Sometimes new features require adding a block of new functionality somewhere in our existing Ruby on Rails application, but sometimes they require changing a piece of an existing part of the app, or altering how data flows through the system. I need to figure out what part of the application I’ll be editing.

Our team’s process lends itself to conversations that lead to further discovery for development. These discussions help build bridges between features and ideas, and they are folded into our sprint planning meetings, our overall team meetings, and pair programming between developers that happens as needed.LODev image.001

Having gained this “where it goes” understanding, I add a series of initial tests to our automated test suite that, at this point, should fail – using test-driven development. Making sure that we have automated tests throughout the development process allows us to make our future jobs easier, because it will allow us to see what we intend to happen if we go to change this feature later on. It also ensures that our customers will experience as little surprising behavior as possible.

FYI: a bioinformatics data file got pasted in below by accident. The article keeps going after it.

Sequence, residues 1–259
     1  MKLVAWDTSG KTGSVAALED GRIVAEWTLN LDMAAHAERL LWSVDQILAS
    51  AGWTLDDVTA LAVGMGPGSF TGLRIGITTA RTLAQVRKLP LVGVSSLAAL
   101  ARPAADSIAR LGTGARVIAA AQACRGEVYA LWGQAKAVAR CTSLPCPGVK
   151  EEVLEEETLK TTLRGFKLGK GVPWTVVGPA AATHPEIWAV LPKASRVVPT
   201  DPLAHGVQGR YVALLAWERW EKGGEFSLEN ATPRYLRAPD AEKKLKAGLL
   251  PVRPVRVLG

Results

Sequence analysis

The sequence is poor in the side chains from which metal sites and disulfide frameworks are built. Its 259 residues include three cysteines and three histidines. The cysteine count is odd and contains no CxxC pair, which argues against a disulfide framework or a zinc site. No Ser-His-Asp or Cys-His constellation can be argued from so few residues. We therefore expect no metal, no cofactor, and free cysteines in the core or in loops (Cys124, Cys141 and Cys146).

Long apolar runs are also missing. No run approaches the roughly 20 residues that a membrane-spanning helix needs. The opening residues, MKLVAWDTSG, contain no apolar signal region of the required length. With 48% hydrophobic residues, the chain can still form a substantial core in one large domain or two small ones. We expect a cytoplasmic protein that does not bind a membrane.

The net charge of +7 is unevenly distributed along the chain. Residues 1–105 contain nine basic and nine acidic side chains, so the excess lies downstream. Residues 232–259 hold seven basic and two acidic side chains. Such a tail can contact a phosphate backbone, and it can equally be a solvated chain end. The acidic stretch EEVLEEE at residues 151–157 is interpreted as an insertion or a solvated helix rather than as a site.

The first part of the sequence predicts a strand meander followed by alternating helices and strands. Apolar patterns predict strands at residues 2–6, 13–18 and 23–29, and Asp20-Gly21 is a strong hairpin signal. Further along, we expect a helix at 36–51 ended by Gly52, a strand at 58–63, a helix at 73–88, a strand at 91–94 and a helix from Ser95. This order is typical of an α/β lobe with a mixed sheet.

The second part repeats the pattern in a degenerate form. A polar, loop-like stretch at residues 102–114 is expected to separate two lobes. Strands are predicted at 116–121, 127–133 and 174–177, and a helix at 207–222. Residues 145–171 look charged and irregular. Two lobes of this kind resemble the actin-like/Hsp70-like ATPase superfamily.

How fast

I also need to determine my algorithm for solving the problem at hand, figure out how efficient my code will be in production, and try to improve the overall speed users will experience when they use the software online. I’m also concerned with how easy will it be to alter or add to in the future.

This is where step (1), why am I working on this, is particularly important. Understanding the different ways that users may want to use the new functionality I’m building helps me make decisions about tradeoffs. There’s a delicate balance between writing extremely modular code and getting a solidly built feature to production for customers to use as soon as possible, and both are important to us. Answering the “how fast?” question is really asking how we can succeed on both those counts.